An NRI can earn handsomely from investing in mutual funds in India. There is no restriction on the amount they can put in.
The average return for a high-quality debt fund in India is between 7-9% per annum, an unheard-of return from low-risk security (until the end of the quarter in December 2020).
For those with higher-risk appetites, equity funds offer returns of 16-22% yearly (until the end of the quarter in December 2020).
This makes investment in India highly profitable for interested NRIs.
Many NRIs do not wish to go down the property investment route because it requires repeated travel to India to buy, maintain, and sell the property. The lack of required travel adds to the appeal of mutual funds in India as an investment opportunity for NRIs.
However, there are certain caveats that NRIs have to be aware of before investing in India-based mutual funds.
Factors to Keep in Mind While Investing in Indian Mutual Funds
U.S.-based NRIs must comply with the Foreign Account Tax Compliance Act (FATCA). This is a self-declaration form allowing U.S. authorities to trace offshore investments by short- and long-term U.S. residents. The downside is that it requires mutual funds to share information with U.S. authorities. This is seen as a hindrance, and few top-notch mutual funds refuse investments that require FATCA compliance. However, a large number of funds such as UTI and L&T do not have any problems.
The income from mutual funds is subject to capital gains tax in India. If the holding period is less than a year, then it is STCG, and in case of above a year, LTCG applies.
Any income accruing in India, such as MF dividends, are fully taxable in India. India has a double-taxation avoidance agreement (DTAA) with several countries including the U.S., UAE, UK, Canada, Australia, Singapore, and Saudi Arabia. If tax is paid in India, it will not be taxed again if India has DTAA with that country. It may be possible that you fall into a higher tax rate bracket in the country in which you reside (non-India). In such case, you will need to pay the difference of the tax liability in your home country.
Any redemption is in Indian rupees.
How to Invest in Indian Mutual Funds?
- The first step is the same as any other investment in India. The NRI cannot invest directly from a foreign bank account but has to have an NRE or NRO bank account in India. Every reputed public and private sector bank in India offers this facility. Of course, the KYC norms require a copy of your passport, photograph, duration of stay in India and abroad, and last few years of tax returns/income statements filed elsewhere.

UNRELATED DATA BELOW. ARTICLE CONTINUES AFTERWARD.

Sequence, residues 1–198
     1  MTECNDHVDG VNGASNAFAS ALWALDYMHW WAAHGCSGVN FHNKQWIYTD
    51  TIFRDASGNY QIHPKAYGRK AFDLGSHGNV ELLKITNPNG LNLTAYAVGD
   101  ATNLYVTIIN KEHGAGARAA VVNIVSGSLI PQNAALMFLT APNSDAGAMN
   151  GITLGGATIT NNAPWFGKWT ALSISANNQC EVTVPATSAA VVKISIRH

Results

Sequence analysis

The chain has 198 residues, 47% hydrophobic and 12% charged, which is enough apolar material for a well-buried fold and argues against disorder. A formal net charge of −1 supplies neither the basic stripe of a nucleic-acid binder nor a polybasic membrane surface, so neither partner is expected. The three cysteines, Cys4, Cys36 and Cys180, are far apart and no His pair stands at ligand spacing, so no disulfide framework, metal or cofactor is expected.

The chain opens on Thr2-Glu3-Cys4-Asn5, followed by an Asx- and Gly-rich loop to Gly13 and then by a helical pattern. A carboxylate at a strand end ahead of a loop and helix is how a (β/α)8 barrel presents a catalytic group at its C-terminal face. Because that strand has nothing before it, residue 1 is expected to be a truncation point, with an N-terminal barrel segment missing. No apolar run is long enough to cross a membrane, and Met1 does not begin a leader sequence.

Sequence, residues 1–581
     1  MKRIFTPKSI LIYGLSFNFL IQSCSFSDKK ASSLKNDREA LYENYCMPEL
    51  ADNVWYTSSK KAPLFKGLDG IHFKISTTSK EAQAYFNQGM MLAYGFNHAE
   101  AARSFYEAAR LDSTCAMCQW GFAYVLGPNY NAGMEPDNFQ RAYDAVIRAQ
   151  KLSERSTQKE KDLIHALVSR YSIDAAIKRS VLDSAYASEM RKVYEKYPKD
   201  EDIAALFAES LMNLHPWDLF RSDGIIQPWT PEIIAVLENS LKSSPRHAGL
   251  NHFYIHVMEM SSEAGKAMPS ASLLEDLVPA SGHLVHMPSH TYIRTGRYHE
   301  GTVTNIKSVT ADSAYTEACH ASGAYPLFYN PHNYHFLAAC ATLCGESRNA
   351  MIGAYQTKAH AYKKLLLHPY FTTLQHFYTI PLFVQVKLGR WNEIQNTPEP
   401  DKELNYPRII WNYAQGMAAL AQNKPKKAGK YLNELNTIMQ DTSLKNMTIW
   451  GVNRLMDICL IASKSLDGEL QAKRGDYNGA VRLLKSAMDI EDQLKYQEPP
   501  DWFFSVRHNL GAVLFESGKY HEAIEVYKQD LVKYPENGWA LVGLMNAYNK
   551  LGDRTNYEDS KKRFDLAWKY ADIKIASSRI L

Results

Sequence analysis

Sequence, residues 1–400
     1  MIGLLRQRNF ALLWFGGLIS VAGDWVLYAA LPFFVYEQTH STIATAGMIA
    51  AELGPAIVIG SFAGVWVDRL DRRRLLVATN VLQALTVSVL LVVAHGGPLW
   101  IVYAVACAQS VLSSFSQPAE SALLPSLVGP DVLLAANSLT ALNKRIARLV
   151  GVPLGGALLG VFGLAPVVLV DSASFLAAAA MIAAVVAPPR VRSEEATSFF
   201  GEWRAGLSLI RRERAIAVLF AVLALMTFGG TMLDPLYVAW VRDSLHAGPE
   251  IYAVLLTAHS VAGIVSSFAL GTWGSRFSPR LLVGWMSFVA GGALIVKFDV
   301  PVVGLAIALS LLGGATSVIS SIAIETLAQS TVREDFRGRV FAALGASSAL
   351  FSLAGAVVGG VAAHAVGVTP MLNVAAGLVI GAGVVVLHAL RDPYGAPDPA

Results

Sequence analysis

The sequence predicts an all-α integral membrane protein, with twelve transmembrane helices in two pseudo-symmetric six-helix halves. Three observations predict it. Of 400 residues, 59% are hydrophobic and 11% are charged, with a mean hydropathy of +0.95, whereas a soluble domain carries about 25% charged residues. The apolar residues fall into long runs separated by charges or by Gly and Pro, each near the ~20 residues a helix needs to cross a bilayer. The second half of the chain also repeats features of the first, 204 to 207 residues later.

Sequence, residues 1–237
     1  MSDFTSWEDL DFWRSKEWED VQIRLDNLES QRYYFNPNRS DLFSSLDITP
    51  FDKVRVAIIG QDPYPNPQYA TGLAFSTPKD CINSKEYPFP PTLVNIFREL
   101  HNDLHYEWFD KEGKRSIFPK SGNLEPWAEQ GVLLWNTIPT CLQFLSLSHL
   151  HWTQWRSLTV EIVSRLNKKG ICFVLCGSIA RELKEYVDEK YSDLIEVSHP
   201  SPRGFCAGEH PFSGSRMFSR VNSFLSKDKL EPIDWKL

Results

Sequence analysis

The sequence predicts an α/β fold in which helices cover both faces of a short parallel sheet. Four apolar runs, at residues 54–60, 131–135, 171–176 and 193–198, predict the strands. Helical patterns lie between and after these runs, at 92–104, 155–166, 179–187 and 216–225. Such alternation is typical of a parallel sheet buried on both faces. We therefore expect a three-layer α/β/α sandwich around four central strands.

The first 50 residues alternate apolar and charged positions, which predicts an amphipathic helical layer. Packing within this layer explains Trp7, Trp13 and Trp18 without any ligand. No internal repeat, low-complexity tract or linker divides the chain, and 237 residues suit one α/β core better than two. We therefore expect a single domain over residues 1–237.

- Using the NRE/O bank account, an NRI can either buy mutual fund units directly or grant a local person power of attorney (PoA). PoA must be a verified person and cannot be a company.
- Basically, an NRI must seek to be as transparent as possible to avoid further paperwork in India and abroad.
Application of Capital Gains
Equity and balanced funds attract STCG at 15% and LTCG at 10% without any indexation. Debt funds attract STCG as per-income tax slab and LTCG at 20% with indexation.
Tax Deduction at Source will, of course, apply as per tax laws.
Note: Indexation is a method of evaluating the notional value of your asset for the year during which you are paying capital gains tax on it. Its further details are out of the scope of this article.
Benefits of Investing in India Mutual Funds
India is an emerging market that has exceptional potential. In 2019, the Nifty advanced 12% while the Sensex advanced 14.4%.
With professional management and some of the best global names in asset management services, the Indian mutual fund industry is well regulated and reliable.
- Flexibility: All four types of funds (equity, debt, balanced, and index) are available, and an NRI can tailor their investment to a unique risk profile.
- Liquidity: The open-ended funds can be sold at any time, and this makes them as liquid as a bank fixed deposit.
- Low management fee: Compared to the rest of the world, the average fund management fee in India is highly competitive, making investments cheap to maintain.
- Gain from rupee devaluation: When the rupee falls, the dollar buys more in India. The depreciation of the rupee in the past few years has provided an extra boost to NRIs since they can buy more stocks with the same dollar investment.
- Courteous service: Last but not least, customer service is definitely a factor. $250,000 is a typical corpus in the U.S. or UAE, but the same customer would be considered a high net worth individual in India. Every grievance would be fast-tracked to upper levels of management and resolved immediately. Prompt service and status as a prestigious, exclusive, high-net-worth investor does matter.
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